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  • Love Poems:I Thought About the Body and the Body Thought About Me
  • Nathan Kemp (bio)

I want to kiss every brown-haired girl in this classroom but none will kiss me. The teenage teasing, gossip, giggling — all more exciting for them. I just want to feel someone touch me. I’m forced into a box with no sensory stimulation. Both the mudtracks leading up to my seventh grade health class and this bodily restraint feel unnatural. I remember dreaming about the room, imagining a new kind of box with male genitalia on the walls — not posters, but actual penises. From then on, phallic symbols everywhere: the shower rod, that one pillow on my parents’ couch, the school bus that picks me up every weekday. Surrounded by reminders of the body, I had decided to celebrate it, regardless of any societal pressures against such celebration. I remember seeing the poetry expressed by the frank exploration of the female form and then the male form during those formative years.

My appreciation for form has stayed and Anne Sexton’s Love Poems takes me back to that honest beginning. Her speaker glorifies the sexual self and creates a sense that the intense emotion that comes from physical beauty can hold unlimited power. The poems reject the notion of ordinary love poems by acknowledging that lust can be enough to inspire true desire, to engage the brain in dynamic fashion. The speaker’s initial highs and following lows echo my excitement and frustration from my own adolescent seasoning. I am Sexton’s rejected lover, open to emotional trauma and regret, but only because I had been yearning first.

In “The Breast,” the speaker says that her breast is just a “Jug of milk! It was [his] years ago / when [she] lived in the valley of [her] bones” (13-14). In a time of unfulfilled feminist ideals, the speaker calls her breast what it is — a feature on her body. In my abstinence-oriented classroom, I had been told that the breast is either the object the infant sucks or the forbidden piece under the brassiere, under the blouse.

Undefined, up to interpretation. As a rookie on a team of sexual veterans, I was living in a valley of my own bones, waiting for an opportunity to share the human form under the comforter of another, lights turned off.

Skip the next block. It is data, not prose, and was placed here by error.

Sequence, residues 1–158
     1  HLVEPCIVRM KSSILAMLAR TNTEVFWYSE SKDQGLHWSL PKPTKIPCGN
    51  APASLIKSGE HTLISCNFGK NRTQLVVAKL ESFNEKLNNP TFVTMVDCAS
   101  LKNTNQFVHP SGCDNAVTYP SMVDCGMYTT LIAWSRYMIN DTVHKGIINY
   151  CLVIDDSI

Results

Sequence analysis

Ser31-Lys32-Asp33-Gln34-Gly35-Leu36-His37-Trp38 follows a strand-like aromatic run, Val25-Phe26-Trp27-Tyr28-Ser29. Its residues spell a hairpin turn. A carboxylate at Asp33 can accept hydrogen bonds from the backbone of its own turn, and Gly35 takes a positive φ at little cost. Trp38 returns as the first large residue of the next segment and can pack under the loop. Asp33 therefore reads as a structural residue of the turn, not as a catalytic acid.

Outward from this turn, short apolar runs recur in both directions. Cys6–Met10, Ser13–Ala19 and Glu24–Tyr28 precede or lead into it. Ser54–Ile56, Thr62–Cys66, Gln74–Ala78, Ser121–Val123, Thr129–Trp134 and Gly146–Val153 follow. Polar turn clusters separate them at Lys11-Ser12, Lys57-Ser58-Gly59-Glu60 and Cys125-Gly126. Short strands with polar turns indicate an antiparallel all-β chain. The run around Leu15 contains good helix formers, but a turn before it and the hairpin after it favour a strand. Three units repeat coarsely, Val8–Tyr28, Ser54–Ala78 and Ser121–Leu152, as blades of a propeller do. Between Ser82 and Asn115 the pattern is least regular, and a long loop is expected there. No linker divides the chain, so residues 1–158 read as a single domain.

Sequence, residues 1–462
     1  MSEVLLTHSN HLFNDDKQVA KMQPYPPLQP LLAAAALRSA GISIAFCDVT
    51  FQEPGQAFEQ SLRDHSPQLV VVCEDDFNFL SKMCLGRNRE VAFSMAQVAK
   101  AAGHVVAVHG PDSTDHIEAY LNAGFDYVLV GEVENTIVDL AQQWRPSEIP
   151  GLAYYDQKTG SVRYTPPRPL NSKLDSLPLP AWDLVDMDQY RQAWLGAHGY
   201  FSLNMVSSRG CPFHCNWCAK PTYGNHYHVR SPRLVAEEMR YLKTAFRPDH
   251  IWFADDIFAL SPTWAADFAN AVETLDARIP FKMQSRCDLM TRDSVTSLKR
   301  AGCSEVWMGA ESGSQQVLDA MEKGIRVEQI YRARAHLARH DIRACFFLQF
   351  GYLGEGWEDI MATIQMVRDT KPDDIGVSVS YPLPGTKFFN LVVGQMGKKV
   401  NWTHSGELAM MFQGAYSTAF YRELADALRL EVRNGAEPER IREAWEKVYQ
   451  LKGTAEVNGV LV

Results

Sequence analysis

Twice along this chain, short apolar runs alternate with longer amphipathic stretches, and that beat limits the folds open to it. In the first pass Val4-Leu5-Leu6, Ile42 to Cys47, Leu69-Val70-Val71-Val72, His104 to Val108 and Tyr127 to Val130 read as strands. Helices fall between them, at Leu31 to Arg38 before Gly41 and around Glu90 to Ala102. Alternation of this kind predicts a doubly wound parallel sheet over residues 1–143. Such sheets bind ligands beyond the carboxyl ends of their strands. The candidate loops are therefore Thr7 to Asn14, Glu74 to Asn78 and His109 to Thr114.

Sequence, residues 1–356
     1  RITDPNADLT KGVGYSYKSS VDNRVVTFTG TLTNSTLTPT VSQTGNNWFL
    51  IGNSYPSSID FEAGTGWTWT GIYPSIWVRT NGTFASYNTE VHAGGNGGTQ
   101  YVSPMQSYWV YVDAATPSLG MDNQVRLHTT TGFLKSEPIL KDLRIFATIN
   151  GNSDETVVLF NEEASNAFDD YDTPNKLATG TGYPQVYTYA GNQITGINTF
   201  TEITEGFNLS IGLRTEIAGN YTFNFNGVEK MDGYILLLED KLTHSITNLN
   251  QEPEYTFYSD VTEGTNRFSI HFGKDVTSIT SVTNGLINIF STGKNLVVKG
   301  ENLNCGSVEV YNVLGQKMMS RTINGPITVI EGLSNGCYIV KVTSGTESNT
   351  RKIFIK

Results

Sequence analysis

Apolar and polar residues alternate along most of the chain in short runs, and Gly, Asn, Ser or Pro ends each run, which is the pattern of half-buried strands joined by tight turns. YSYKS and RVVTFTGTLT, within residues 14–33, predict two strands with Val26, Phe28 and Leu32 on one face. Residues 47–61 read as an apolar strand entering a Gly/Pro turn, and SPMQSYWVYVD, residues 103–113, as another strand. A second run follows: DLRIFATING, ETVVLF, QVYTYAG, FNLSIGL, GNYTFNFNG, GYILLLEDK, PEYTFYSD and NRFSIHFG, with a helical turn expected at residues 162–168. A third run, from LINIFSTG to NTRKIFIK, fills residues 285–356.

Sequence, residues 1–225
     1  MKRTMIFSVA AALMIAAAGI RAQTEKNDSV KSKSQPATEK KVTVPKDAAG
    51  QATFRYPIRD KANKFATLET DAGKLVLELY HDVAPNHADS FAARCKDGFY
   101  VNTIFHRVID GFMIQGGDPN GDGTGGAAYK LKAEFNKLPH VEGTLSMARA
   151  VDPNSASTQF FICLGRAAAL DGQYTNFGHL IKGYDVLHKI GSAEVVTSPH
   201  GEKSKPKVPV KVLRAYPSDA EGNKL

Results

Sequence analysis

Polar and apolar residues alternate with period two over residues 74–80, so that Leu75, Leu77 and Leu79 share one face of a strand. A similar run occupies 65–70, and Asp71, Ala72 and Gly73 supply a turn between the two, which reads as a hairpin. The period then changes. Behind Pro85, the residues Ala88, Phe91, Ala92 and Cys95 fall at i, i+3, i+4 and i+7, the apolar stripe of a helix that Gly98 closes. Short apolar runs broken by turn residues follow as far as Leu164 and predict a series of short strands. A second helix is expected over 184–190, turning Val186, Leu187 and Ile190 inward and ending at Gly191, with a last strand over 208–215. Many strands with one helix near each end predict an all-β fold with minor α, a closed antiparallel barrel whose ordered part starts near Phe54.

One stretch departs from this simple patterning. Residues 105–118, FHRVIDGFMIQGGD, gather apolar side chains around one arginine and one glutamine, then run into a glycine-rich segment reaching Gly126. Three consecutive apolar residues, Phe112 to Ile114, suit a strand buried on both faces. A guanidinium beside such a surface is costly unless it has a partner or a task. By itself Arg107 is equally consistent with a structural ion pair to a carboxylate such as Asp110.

At the time, I was not ready for anything I wanted — the keys to my own car, Lauren the Cheerleader, or boat shoes. Like the speaker’s hand in “The Touch,” I “was fat and soft and blind in places. / Nothing but vulnerable” [End Page 79] (17-18). I desired an awakening, not knowing the difference between how I could use a condom and how I could place a down payment on a condominium by the sandstone fire station on the Cook Road Extension. The problems, I thought, were “only in my head, my head,” as were the pick-up lines I repeated around Sexton-like women that I likely had no chance with on a date, let alone in the back seat of my borrowed 2007 Honda CRV (39). I like to think that my maturation began when I realized that my mother’s SUV was doing me no favors in fulfilling my flesh-based desire.

Maybe I’d walk for miles and ride trains and hitchhike — where able — like Jack Kerouac. I’d pick up another blade of grass and understand that it’s like a flower and that a flower is like a woman’s inner sanctum. Maybe I’d just listen to Pat Benatar again, so I could feel like the one who controls the blade on the noose. Heartbreak was written on the inside of my safety-orange locker, somehow rusting in a temperature-controlled environment. I, too, was rusting through, even though I spent most of my time in a temperature-controlled environment. I wasn’t orange.

In “The Kiss,” the speaker states, “Before today my body was useless. / Now it’s tearing at its square corners” (6-7). After reading those lines in Love Poems, I am taken back to my first kiss, my first lips-on-lips...

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Additional Information

ISSN
2166-014x
Print ISSN
0884-3457
Pages
pp. 79-82
Launched on MUSE
2014-01-19
Open Access
No
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